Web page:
Joey Bissing’s path from high school football to HS bass fishing to college bass fishing, and beyond

Joey Bissing suffered his second ACL injury in football as a freshman at Libertyville.

It proved fortuitous.

“My dad said he would buy me a Ranger bass boat if I quit football,” Bissing said.

That 2007 Ranger became a life-changer.

As a sophomore in 2018, he and Jackson Paden took Libertyville to its first sectional title in high school bass fishing with the big bass (4.37 pounds) anchoring their winning bag of 14.24.

Joey Bissing (left) and Jackson Paden at a high school tournament on the Chain O’Lakes.


Then came the learning experiences of Bissing’s junior year not going well at sectionals and Covid knocking out his senior year.

“If you’re not learning, you not going to get any better, that is biggest thing I learned in high school,” Bissing said.

Learning showed when I asked how he liked to fish.

“I’m good at throwing ChatterBaits and a jig,” Bissing said.

That’s an odd combo for a young angler.

“One I learned on the Chain, the other on Geneva,” he said, then explained. “Brad Marshall took me under his wing, taught me how to fish on Chain O’Lakes. Scott Schmidt taught me how to fish Lake Geneva and taught me how to fish deep.

“The Chain is really shallow, Geneva is super deep. It’s two different worlds, that’s kind of bass fishing. I am very fortunate to learn from those two guys.”

As to the college bass fishing life at the University of Tennessee, Bissing said, “We travel all over the country. What a crazy life I lead. . . . I’m here for a week, gone for a week, it’s hard to keep up with classes.”

This semester he has classes in Excel, communications, statistics and economics, while also taking an online class Spanish class from College of Lake County.

“I owe so much to my parents [Joel and Kim],” Bissing said. “I can’t afford to go [college fishing] without them. I owe everything to them.”

Bass fishing at Tennessee does not rank with the Vols having a storied women’s basketball (eight national titles, Pat Summitt) and football (six national titles, Peyton Manning) programs.

But they have Bill Dance, who made an orange and white Tennessee cap de rigueur bass-fishing attire. For the bass-fishing club, alum Harrison Smiddy, founder of Enduro Power Lithium Batteries, is the most important supporter. That explains the wrap on Bissing’s boat, a 2020 Ranger, which was finished a couple weeks ago.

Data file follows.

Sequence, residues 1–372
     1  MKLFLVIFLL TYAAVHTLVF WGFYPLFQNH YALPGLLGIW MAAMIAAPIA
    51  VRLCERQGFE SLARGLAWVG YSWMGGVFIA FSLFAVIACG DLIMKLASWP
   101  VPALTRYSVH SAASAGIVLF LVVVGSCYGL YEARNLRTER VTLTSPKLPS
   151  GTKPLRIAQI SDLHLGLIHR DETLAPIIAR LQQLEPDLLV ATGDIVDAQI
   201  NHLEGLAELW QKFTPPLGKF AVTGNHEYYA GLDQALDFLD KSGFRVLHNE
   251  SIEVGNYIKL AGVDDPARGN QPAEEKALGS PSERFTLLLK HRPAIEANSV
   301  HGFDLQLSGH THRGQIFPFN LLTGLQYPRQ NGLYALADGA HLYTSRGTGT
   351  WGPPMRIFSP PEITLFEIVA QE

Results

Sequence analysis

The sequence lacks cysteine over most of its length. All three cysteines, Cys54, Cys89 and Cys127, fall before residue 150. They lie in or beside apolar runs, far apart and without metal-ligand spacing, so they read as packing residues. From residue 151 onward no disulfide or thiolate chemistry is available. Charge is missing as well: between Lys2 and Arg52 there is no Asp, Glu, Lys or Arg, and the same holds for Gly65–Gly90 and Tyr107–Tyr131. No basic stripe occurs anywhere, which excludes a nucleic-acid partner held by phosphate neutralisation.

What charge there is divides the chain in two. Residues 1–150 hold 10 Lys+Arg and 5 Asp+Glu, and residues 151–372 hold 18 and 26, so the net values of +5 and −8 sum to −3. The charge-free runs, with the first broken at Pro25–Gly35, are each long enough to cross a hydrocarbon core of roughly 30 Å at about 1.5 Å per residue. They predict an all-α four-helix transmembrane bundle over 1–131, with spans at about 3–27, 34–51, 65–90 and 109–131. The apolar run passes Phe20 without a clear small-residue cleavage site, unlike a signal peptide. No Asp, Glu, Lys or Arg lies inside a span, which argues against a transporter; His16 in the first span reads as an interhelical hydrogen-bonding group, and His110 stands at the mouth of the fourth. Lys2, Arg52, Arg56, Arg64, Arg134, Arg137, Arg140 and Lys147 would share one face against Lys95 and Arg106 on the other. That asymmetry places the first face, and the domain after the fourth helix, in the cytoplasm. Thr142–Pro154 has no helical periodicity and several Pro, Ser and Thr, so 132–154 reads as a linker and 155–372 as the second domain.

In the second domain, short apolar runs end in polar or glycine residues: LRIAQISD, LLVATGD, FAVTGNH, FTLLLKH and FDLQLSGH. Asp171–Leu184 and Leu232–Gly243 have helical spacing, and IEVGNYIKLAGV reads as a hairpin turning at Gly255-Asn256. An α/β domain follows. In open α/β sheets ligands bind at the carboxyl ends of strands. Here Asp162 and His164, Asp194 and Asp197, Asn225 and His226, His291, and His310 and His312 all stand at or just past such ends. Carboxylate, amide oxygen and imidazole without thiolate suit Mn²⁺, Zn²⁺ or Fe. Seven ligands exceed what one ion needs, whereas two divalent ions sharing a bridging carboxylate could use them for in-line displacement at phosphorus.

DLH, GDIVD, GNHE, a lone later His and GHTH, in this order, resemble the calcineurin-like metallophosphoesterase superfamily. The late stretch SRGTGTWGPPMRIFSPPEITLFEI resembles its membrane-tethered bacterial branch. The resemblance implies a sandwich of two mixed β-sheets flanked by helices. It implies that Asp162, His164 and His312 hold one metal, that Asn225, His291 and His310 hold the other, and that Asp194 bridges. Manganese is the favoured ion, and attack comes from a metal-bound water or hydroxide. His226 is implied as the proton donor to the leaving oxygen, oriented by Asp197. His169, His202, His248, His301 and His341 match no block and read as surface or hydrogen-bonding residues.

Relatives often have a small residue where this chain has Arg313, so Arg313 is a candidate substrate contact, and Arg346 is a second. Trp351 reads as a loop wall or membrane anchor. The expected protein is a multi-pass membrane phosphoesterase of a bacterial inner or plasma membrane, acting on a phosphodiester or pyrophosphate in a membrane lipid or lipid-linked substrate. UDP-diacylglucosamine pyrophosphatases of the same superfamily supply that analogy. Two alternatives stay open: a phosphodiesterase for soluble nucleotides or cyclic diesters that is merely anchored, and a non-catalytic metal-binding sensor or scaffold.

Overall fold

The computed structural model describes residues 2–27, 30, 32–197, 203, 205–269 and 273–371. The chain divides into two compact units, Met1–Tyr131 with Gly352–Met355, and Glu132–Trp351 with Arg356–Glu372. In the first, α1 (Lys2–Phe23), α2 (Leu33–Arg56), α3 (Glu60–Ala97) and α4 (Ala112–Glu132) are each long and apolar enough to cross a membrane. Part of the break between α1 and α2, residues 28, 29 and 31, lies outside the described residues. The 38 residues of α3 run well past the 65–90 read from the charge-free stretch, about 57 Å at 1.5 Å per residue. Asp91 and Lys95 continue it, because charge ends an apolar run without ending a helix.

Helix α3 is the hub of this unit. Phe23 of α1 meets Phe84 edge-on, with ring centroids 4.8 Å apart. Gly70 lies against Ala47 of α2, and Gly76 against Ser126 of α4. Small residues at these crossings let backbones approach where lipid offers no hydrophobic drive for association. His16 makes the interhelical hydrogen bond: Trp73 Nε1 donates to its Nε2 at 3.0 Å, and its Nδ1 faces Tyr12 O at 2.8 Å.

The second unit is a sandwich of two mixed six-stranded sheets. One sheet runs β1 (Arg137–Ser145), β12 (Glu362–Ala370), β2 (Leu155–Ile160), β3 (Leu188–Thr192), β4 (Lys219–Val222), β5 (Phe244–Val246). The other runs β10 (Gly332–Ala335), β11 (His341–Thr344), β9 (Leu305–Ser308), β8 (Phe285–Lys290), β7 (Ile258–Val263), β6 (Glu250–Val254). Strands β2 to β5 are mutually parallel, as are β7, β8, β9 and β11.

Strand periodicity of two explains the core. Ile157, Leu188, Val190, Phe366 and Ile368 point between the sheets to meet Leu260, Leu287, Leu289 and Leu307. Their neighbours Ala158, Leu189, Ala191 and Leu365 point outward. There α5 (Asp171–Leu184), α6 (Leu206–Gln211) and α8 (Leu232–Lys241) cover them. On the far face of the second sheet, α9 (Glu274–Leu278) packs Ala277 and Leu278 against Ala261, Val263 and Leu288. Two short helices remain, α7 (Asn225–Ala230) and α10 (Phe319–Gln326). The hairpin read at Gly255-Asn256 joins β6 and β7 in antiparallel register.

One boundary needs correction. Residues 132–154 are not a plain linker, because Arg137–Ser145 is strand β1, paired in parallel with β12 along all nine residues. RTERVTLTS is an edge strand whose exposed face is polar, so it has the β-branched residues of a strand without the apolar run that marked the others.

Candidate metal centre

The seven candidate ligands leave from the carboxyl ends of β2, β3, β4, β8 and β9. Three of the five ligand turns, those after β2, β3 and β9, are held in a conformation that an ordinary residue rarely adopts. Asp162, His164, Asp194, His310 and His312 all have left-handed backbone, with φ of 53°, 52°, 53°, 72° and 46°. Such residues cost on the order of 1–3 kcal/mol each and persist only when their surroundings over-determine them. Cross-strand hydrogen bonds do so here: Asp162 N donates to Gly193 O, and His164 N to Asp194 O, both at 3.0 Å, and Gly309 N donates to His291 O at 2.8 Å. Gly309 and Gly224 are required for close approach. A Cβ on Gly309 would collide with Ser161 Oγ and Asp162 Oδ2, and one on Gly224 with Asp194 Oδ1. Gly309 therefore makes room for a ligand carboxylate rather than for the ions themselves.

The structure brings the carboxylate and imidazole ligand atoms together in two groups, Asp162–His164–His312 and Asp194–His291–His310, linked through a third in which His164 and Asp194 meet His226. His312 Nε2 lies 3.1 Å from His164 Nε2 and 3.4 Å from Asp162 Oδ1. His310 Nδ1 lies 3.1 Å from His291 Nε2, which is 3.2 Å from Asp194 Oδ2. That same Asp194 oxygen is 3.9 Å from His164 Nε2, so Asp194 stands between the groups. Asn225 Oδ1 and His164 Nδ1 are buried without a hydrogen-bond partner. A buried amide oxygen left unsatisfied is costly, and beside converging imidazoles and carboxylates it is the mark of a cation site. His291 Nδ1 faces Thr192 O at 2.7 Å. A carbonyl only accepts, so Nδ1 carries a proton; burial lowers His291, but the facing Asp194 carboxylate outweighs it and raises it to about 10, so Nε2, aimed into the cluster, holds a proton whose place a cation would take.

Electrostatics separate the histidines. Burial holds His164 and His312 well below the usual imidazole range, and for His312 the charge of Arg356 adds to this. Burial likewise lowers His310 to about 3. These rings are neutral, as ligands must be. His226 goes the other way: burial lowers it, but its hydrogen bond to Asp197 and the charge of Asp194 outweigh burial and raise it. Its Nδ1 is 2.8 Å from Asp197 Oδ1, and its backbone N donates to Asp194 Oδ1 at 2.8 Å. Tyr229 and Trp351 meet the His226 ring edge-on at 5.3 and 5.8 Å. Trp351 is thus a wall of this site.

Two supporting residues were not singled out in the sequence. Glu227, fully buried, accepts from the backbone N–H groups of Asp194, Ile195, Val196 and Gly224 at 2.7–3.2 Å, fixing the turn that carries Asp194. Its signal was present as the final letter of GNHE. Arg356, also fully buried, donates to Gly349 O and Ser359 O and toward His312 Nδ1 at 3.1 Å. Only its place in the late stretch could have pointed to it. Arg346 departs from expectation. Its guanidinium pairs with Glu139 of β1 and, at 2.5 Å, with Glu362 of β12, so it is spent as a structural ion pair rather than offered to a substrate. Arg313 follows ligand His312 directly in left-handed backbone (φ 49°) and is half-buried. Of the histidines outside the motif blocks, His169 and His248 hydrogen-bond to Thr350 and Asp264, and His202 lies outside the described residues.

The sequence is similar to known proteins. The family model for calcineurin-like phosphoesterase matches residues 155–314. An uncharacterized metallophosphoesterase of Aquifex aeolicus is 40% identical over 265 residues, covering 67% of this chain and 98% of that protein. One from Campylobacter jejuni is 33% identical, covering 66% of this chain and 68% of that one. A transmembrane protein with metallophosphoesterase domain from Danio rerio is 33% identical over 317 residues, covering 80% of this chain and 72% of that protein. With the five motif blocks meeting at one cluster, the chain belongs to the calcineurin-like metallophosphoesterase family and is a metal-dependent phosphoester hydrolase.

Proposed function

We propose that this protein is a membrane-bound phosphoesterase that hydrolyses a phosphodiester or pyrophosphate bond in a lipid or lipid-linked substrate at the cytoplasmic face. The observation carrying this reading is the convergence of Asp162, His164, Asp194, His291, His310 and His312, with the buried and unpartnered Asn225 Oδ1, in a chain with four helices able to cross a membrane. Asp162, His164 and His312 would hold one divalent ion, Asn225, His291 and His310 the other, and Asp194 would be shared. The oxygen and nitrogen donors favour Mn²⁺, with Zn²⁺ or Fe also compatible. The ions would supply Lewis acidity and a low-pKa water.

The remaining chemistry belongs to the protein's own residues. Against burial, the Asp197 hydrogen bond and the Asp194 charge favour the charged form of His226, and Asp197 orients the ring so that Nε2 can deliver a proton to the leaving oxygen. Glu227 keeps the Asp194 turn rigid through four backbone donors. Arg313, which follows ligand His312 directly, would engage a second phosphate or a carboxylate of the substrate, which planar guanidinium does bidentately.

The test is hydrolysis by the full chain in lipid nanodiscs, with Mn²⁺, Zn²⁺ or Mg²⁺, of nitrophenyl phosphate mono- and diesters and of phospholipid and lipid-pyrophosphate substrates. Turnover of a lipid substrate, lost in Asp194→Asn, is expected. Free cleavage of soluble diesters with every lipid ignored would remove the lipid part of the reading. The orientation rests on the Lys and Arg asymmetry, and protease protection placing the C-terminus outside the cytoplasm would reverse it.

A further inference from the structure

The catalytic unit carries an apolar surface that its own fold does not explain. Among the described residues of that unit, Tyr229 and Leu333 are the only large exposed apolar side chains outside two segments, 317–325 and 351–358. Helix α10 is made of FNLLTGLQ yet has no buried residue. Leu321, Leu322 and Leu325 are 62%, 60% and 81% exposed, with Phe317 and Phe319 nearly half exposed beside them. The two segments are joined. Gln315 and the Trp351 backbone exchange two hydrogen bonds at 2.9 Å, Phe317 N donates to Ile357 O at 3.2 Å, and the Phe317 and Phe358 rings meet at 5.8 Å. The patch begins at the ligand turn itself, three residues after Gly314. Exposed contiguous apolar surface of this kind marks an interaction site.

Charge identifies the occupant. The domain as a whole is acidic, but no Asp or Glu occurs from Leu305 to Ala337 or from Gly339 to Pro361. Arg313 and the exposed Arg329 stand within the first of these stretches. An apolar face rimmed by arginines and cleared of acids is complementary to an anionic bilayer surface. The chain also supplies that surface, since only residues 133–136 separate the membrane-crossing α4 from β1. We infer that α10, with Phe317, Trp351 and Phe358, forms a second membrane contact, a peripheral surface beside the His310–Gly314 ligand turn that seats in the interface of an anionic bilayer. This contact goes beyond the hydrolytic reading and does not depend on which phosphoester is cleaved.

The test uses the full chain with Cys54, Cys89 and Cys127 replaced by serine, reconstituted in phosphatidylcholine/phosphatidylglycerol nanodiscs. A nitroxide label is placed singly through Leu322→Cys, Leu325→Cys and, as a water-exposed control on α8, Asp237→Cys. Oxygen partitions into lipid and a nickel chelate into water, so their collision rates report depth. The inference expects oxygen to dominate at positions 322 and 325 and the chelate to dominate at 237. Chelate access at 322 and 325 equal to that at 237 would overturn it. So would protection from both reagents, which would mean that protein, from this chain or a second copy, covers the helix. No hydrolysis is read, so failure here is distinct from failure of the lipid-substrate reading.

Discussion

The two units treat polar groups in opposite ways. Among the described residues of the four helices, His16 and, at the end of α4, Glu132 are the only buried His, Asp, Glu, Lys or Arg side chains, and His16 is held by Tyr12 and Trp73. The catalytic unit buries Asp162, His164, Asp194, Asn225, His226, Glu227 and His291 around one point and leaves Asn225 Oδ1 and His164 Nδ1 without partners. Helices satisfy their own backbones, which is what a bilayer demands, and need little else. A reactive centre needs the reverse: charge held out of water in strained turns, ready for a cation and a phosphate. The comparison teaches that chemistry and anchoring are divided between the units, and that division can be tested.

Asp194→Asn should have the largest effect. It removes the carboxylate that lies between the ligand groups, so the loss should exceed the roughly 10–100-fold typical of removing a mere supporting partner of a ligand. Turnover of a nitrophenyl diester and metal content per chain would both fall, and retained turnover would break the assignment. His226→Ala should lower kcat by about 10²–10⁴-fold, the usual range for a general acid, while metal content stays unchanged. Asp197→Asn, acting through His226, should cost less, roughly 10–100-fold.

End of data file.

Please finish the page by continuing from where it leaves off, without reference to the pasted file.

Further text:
Yes, Bissing uses his major in marketing and minor in communications.

Libertyville bass-fishing coach Bob Uliks appreciates how Bissing juggles life.

“This is something that I saw Joey really learn and understand as he started his college fishing career,” Uliks said “Being on the water 10-12 hours a day in practice and during competition takes a lot of preparation both mentally and physically, from the travel, being in the elements to staying hydrated, preparing your gear to nutrition and sleep, if you want to excel and succeed as Joey has you need to understand these concepts and adapt them to your daily life. That in conjunction with attending classes and keeping grades up makes Joey a complete athlete in my opinion.”

Bissing and Paden finished fifth March 4 at MLF’s Abu Garcia College Fishing Open at Lake Guntersville in Alabama to qualify for the national championship.

Jackson Paden and Joey Bissing (who forgot his Tennessee jersey that day) taking fifth on March 4 at the 219-boat field March 4 at the MLF’s Abu Garcia College Fishing Open at Lake Guntersville in Alabama.


When I asked his advice for high school anglers, who have sectionals Thursday, he said, “Surround yourself with good fisherman who love fishing and learn from them. You have to take in everything they say.”

Bissing and Paden pass it on with JJ Fishing summer camps. Bissing said he has some openings this summer.

Reach Bissing, also a licensed Wisconsin guide, on Facebook.

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